Of course, most NFL franchises don’t need to treat a wild-card victory over a below-average opponent as the equivalent of scaling Everest. Now is the time to reset our expectations upwards, as Burrow has clearly done. So in that vein, it’s on to Nashville and a divisional round matchup with the top-seeded Tennessee Titans!

Amazingly enough, the Titans are ranked just 20th in DVOA, and with a -3.0% score they’re the only No, 1 seed ever in Football Outsiders history to have negative DVOA for the season. By this metric, they are not just the easiest possible opponent for Cincinnati in this round but clearly the worst top-seed since 1983.

Now the playoff history of even poor top seeds is pretty good. The power of the bye week, plus matchups with generally weaker opposition, means that of the 13 worst top seeds since 1983, only two lost in the division round: the 1992 Steelers (yay!) and the 1985 Rams.

Just a glance at the injury report gives a hint to why that is. Tennessee is the healthiest they’ve been all season, and not playing last week helps achieve that. Derrick Henry is expected to return for his first action since breaking his foot back on Halloween. Ordinarily, one running back wouldn’t make much of a difference, but Henry is no ordinary back. Both A.J. Brown and Julio Jones should be in the lineup, too, and Brown in particular is critical for Tennessee—the Titans were 10-2 in games that he caught a pass, 2-3 when he was out or too injured to make an impact.

Meanwhile, of course, Cincinnati lost a key cog in Ogonjobi last weekend, and Hendrickson is in the concussion protocol and iffy. They can manage to eke by without Og, important as he’s been this year. They likely have no chance without Hendrickson, the lone consistent pass rusher.

Cincinnati does enter the game with one major advantage: Burrow. He is the better quarterback in the game, with Ryan Tannehill 27th among QBs in both DVOA and DYAR and looking up at Joey B. in any statistic you want to cite. Yes, the injuries on the Titans offense played a role in that, but overall Tennessee is a run-first team. Their aim is to keep the ball away from Burrow and limit the possessions Cincinnati has on offense by hogging the ball. They can be effective at that strategy, but it does have limitations, especially if the game script flips in the Bengals’ favor. Early points (especially touchdowns) will force the Titans to throw it more than they like, and a high-scoring game favors the Bengals.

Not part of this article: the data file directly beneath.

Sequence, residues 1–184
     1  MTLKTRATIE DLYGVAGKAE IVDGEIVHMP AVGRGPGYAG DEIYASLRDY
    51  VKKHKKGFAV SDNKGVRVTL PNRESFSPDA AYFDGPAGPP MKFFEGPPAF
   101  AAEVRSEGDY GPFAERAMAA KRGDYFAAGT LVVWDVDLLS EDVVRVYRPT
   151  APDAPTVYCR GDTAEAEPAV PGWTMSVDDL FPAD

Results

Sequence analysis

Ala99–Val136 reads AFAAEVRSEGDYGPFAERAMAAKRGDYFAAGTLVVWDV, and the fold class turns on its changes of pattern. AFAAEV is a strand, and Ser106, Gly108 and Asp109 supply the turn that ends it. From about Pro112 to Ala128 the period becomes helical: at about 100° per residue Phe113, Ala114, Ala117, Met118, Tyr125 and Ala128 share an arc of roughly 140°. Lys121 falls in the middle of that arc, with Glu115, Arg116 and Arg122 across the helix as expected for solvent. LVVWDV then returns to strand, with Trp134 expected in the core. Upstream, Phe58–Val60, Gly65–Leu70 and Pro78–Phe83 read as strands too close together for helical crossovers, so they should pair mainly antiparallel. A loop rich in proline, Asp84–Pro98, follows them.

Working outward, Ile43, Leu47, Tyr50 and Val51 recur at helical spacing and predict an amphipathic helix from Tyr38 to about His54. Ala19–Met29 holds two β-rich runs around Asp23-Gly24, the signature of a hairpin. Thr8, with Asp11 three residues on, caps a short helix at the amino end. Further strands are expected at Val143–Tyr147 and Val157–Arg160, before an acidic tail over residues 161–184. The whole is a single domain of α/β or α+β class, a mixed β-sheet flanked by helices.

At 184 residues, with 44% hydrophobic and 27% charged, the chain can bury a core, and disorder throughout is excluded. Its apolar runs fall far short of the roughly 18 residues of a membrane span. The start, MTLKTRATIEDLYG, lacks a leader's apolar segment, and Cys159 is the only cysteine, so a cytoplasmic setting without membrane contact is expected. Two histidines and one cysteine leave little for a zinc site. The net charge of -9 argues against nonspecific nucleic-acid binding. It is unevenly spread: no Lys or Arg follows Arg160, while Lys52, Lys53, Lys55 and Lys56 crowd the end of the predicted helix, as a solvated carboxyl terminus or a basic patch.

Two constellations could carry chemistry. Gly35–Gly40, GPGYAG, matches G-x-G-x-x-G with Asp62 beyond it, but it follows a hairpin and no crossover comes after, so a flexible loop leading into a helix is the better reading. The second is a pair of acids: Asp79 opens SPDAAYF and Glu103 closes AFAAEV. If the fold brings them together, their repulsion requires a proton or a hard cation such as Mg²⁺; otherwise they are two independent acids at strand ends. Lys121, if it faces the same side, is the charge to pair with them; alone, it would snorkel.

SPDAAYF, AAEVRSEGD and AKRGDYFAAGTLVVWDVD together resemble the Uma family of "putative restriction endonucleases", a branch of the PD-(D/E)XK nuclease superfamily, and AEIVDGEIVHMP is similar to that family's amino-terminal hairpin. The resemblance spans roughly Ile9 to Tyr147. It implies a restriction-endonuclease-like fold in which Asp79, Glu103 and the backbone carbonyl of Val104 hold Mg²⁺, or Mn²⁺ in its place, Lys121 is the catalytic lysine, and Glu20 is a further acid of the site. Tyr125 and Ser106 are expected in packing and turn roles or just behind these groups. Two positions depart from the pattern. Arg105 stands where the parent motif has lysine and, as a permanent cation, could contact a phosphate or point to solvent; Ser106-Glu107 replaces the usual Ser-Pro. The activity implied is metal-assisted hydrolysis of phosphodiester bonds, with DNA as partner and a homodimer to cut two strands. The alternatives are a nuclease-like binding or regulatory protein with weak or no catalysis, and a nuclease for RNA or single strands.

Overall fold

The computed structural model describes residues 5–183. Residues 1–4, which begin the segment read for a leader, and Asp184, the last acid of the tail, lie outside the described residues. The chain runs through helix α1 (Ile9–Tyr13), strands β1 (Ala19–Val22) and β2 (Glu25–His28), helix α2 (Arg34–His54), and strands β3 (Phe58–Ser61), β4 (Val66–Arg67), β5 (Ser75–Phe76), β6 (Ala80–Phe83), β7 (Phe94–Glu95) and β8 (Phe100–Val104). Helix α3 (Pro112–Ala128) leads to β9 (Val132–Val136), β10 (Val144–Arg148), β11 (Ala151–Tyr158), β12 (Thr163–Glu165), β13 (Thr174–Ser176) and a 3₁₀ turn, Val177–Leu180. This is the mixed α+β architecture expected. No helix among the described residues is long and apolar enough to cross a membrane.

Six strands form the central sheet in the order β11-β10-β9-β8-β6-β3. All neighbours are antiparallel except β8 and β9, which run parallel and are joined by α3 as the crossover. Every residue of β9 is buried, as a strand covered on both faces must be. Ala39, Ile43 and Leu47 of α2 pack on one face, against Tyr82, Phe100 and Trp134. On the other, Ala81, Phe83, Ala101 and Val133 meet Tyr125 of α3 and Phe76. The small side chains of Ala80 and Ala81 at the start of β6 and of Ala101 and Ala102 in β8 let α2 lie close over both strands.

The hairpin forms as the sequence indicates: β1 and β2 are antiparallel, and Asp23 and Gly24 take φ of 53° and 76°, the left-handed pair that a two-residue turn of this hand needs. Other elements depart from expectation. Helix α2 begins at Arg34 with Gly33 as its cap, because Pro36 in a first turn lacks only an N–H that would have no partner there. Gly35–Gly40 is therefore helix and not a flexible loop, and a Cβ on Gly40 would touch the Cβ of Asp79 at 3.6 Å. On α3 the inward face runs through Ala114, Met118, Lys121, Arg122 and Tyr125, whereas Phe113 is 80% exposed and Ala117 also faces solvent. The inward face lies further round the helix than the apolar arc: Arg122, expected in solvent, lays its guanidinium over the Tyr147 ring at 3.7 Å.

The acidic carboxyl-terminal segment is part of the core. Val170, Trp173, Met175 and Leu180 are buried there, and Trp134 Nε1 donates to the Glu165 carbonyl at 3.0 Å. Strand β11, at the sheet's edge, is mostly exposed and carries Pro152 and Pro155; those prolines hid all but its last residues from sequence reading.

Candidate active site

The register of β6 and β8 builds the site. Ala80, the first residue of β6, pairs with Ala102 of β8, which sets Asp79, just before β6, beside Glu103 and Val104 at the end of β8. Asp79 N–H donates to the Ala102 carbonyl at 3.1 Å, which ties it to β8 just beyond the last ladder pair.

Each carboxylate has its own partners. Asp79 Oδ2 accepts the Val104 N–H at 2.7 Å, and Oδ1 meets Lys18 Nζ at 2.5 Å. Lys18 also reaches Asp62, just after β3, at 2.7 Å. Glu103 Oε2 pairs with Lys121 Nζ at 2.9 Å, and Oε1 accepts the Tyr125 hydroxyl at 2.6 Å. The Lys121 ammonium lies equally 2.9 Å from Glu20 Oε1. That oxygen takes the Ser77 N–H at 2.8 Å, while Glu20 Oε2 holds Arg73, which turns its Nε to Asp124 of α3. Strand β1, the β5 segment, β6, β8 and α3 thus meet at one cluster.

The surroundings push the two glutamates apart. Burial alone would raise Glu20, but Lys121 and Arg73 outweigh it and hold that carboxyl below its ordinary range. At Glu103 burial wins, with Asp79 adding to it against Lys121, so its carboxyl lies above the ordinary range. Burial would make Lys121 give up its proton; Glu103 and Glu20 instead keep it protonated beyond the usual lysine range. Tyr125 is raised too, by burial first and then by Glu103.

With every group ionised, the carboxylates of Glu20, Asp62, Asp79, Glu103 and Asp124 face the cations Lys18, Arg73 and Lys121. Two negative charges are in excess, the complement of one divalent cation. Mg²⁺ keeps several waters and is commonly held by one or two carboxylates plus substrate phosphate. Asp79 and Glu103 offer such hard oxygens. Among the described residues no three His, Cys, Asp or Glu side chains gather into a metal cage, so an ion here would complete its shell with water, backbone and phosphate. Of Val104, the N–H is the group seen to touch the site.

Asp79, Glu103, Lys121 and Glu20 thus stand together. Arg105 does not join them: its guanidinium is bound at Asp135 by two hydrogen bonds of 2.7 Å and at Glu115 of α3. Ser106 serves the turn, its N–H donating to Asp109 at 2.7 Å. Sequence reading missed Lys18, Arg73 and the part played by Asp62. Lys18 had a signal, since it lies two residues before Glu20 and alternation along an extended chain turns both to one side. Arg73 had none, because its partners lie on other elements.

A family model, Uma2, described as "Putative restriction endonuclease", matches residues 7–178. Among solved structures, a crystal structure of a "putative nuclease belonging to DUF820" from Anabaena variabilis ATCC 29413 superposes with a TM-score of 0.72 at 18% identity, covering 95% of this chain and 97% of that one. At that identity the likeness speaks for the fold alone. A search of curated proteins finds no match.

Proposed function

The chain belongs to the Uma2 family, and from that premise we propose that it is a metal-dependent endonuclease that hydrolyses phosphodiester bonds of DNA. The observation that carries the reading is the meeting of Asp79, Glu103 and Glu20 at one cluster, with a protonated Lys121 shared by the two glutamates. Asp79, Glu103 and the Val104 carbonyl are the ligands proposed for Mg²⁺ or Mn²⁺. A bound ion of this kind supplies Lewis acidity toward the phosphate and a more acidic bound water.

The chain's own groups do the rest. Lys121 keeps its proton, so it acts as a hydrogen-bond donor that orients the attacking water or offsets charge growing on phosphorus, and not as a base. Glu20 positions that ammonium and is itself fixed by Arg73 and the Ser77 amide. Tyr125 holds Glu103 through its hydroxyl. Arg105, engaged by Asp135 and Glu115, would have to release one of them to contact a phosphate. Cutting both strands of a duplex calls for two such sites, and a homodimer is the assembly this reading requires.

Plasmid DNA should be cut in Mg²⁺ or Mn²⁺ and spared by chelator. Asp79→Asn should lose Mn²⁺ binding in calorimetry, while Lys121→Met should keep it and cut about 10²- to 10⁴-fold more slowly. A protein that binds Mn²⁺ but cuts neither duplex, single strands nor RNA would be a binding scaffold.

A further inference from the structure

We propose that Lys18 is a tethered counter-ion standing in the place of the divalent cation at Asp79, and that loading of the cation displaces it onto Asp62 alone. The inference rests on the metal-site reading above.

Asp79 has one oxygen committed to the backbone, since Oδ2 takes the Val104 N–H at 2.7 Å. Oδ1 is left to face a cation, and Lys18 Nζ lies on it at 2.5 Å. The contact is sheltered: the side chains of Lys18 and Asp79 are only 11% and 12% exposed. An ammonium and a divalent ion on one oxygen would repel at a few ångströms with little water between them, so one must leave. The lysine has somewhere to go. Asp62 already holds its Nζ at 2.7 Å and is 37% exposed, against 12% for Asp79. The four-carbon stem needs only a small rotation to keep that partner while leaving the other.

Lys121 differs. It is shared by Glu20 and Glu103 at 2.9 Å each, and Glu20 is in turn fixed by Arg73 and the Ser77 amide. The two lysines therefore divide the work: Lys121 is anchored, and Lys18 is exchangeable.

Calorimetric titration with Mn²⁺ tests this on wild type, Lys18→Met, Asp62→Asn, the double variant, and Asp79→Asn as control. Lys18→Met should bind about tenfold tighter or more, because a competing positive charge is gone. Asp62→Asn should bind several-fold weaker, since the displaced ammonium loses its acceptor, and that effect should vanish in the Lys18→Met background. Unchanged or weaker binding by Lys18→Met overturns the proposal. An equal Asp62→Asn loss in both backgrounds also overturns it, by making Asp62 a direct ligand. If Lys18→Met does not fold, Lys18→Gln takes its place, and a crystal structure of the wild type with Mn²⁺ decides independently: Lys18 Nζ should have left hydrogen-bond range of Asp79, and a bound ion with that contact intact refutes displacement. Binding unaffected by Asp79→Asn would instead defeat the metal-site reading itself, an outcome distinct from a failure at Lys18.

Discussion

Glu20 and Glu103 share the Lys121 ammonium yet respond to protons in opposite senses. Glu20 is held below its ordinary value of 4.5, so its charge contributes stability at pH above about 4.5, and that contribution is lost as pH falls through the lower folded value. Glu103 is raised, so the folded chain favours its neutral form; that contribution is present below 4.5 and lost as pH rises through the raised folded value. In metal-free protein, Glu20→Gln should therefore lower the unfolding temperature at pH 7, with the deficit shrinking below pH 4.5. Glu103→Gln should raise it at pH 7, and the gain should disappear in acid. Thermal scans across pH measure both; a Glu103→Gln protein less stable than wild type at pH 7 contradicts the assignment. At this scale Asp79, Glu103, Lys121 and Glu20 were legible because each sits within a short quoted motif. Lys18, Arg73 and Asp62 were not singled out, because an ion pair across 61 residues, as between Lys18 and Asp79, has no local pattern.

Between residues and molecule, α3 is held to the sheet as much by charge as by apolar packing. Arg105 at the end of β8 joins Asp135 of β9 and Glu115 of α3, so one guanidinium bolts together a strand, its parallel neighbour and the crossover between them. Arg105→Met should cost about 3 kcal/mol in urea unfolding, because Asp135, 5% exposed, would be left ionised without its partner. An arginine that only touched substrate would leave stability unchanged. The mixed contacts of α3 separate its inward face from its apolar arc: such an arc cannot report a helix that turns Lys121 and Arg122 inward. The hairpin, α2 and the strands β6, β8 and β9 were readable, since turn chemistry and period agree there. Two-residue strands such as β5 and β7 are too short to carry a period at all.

Even if the early going doesn’t go Cincinnati’s way, their attack is potent enough to keep them in touch all the way to the end. As a road team in the playoffs, all you can ask for is an opportunity to win the game in the fourth quarter. The Titans aren’t built to blow out the Bengals unless their defense forces turnovers. On the season they forced just 22 takeaways, one more than Cincinnati did, hardly a daunting figure. The key to the late season run by the Bengals has been avoiding turnovers and dumb plays in general. Keep that trend going, and they will certainly have a puncher’s chance on Saturday afternoon.

But—and I may be in opposition to Burrow on this one—we are playing with house money at this point. Even a loss on Saturday won’t tarnish what’s been a glorious season of rebirth and possibility. It culminated with the achievement of January 15, 2022, when for the first time in my adult life I could go to bed savoring a playoff victory by my favorite team.

Robert Weintraub heads up Bengals coverage for Cincinnati Magazine and has written for The New York Times, Grantland, Slate, Deadspin, and Football Outsiders. Follow him on Twitter at @robwein.